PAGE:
Patients are randomised to on-pump or off-pump CABG, with randomisation stratified by centre. The intention-to-treat principle will guide all analyses, irrespective of whether there is a deviation from the randomly allocated therapy. Currently, the cross-over rate is 4% from on-pump to off-pump and 10% from off-pump to on-pump surgery.
We will use a linear regression model to compare the groups in the outcome of per cent change in serum creatinine ((peak post-operative serum creatinine—pre-randomisation serum creatinine)/pre-randomisation serum creatinine), stratified by centre and adjusting for the following covariates: age (per year), sex, left ventricular function categories (≥50%, 35%–49%, 20%–34%, <20%), diabetes, pre-randomisation ACE inhibitor or angiotensin receptor blocker use, pre-randomisation statin use, pre-randomisation diuretic use, urgent versus elective surgery and pre-randomisation eGFR category (>60 ml/min/1.73 m2, ≤60 ml/min/1.73 m2). We will include a missing data indicator value for each covariate (at present, there is <1% missing for each variable).14 In patients who underwent surgery but have a missing post-operative peak serum creatinine value (<4% patients), we will carry the pre-randomisation serum creatinine forward as the post-operative value (which should provide a more conservative estimate of the intervention effect than the alternative of removing such patients). We will test model assumptions (detailed in online appendix) and interpret a p value ≤0.05 as statistically significant. We will report the result as the average difference in per cent change in serum creatinine between the surgical groups with 95% CI. Visually the unadjusted results will be graphed as box-plots. A sample of ~4700 patients will have over 80% power to detect a 5% or greater difference in the mean per cent change in serum creatinine between the two groups (α 0.05, independent samples t test; adequate power to detect a small effect in relation to expected SD of 60).
We will use a logistic regression model to compare the groups in the outcome of ≥50% increase in serum creatinine, stratified by centre and adjusting for previously defined covariates11 15 16 We will test model assumptions (detailed in online appendix) and will estimate the adjusted RR of AKI with 95% CI (bootstrap method detailed in online appendix). We will have over 90% power to detect a 20% or more RR reduction should it exist (two-tailed α 0.05, χ2 test). Of note, many factors including haemodilution add ‘noise’ to post-operative serum creatinine measurements. When the value is markedly elevated, we are confident that the reason is due to AKI. It is conceivable that an intervention effect will be observed for categorised AKI but not per cent change in creatinine. If the p value is greater for per cent change than categorised AKI, we will interpret a p value ≤0.025 for categorised AKI as statistically significant.17 Because categorised AKI is easy to interpret, if it meets criteria for significance, we will primarily focus on this outcome.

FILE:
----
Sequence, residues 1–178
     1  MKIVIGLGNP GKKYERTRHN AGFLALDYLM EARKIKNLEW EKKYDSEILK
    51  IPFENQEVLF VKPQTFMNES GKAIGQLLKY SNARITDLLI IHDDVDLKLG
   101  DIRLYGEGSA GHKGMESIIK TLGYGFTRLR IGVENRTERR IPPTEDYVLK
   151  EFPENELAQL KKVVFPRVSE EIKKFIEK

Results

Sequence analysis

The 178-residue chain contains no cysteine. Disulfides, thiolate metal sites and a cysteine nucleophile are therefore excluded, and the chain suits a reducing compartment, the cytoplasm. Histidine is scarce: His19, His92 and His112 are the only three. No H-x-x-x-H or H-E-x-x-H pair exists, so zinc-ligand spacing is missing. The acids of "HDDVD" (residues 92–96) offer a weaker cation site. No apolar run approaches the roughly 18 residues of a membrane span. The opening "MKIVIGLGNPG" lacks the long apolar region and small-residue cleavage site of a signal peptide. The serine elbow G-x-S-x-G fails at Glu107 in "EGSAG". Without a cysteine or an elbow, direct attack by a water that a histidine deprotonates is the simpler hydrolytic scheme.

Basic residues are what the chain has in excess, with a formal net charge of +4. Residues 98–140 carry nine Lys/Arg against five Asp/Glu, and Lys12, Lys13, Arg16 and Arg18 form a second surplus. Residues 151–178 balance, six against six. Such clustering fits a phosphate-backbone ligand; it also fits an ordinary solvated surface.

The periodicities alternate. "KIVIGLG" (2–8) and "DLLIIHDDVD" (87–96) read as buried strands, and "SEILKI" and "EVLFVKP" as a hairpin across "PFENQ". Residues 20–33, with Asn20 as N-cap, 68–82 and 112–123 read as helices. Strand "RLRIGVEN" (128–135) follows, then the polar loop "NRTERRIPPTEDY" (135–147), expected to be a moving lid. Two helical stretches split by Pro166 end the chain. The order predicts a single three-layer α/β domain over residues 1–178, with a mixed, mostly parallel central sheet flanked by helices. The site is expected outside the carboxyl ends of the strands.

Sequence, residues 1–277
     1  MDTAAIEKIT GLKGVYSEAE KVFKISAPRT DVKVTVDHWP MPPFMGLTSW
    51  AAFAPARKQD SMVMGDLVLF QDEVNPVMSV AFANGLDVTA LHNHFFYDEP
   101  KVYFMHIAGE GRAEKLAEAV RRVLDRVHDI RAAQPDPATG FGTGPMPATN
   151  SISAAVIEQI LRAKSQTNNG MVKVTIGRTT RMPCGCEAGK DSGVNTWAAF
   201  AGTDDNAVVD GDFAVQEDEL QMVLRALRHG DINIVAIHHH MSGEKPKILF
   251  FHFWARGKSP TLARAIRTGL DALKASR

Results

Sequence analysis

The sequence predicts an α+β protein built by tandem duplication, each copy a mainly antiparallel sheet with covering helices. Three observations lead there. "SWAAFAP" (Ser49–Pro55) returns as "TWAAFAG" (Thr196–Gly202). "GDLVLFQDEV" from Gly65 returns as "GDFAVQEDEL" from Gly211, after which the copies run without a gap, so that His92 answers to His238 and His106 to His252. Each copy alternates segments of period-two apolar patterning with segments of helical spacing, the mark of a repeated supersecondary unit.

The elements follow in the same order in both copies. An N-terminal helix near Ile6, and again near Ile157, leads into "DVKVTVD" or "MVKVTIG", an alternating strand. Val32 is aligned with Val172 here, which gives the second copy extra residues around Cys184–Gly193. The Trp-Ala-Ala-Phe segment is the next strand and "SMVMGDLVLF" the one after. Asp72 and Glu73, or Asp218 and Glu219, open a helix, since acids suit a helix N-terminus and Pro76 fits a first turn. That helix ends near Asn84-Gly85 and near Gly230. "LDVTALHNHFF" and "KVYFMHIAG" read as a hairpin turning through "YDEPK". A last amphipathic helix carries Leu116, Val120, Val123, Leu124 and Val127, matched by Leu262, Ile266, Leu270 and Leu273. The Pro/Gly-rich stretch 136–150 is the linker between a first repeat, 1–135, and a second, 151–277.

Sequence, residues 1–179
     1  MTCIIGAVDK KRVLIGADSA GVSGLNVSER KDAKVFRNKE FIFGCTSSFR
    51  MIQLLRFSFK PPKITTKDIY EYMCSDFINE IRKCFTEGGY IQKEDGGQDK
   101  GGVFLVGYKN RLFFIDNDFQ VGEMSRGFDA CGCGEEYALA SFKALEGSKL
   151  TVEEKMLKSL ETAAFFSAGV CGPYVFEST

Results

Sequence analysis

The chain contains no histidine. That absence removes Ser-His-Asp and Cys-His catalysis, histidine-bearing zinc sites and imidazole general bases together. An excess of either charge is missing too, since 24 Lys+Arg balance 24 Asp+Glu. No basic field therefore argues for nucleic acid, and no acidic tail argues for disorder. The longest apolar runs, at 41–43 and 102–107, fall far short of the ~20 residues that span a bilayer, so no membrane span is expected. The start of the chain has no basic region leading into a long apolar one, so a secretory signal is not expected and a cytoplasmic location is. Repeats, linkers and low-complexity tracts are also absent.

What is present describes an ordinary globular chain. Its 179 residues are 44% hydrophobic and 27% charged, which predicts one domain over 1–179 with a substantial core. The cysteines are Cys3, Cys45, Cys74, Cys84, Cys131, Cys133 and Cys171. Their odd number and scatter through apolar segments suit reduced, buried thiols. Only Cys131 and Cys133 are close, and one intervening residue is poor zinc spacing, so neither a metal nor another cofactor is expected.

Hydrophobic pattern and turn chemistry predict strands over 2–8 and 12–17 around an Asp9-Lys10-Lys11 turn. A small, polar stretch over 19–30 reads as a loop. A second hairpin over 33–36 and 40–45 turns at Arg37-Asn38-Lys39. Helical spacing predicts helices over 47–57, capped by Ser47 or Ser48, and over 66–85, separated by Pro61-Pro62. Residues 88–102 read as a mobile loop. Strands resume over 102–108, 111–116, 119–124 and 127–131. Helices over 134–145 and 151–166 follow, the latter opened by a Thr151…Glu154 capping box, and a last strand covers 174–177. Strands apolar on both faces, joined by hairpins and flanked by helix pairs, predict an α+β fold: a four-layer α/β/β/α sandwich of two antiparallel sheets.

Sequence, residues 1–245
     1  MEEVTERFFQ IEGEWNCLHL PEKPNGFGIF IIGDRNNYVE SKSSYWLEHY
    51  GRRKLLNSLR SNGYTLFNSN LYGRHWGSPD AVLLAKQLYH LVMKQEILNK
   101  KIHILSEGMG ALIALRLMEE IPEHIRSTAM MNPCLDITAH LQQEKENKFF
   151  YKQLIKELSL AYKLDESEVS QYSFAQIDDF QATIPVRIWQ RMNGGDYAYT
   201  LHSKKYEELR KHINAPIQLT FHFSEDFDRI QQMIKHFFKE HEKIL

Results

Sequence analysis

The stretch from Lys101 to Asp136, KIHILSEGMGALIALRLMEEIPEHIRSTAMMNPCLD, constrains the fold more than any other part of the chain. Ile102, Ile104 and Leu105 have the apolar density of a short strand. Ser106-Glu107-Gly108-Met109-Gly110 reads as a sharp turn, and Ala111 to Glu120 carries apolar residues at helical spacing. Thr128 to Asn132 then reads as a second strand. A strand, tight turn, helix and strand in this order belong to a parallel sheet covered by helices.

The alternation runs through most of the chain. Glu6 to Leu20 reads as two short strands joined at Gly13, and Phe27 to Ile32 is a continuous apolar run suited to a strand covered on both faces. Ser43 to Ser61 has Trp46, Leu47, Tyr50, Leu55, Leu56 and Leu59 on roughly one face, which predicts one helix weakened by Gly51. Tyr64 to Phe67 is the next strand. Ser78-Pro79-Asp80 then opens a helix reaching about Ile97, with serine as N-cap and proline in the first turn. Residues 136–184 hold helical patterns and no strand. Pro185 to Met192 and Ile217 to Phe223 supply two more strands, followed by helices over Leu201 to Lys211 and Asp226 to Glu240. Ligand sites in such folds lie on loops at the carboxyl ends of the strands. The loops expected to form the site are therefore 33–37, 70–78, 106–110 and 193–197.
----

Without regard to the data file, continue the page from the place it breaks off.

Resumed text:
We will perform six analyses defining AKI in other ways. We will interpret a p value ≤0.05 as significant provided there is concordance with the primary results.
Similar to the previously described AKI analysis, we will use a linear regression model to compare the groups in the outcome of per cent change in eGFR 1 year after surgery ((post-operative eGFR measured 1 year after surgery—pre-randomisation eGFR)/pre-randomisation eGFR), stratified by centre and adjusting for covariates described for AKI. In patients with missing 1-year values (~5% for reasons of death, target <10% for reasons of missing data), we will substitute the pre-randomisation eGFR value. We will impute an eGFR value of 5 ml/min/1.73 m2 for any patient who developed ESRD anytime in follow-up (<0.1%) or who died after receiving acute dialysis (~0.6% patients). With at least 1800 patients, we will have over 80% power to detect a difference of 4% or more between the two surgical groups (α 0.05, independent samples t test, adequate power to detect a small to moderate effect in relation to expected SD of 25).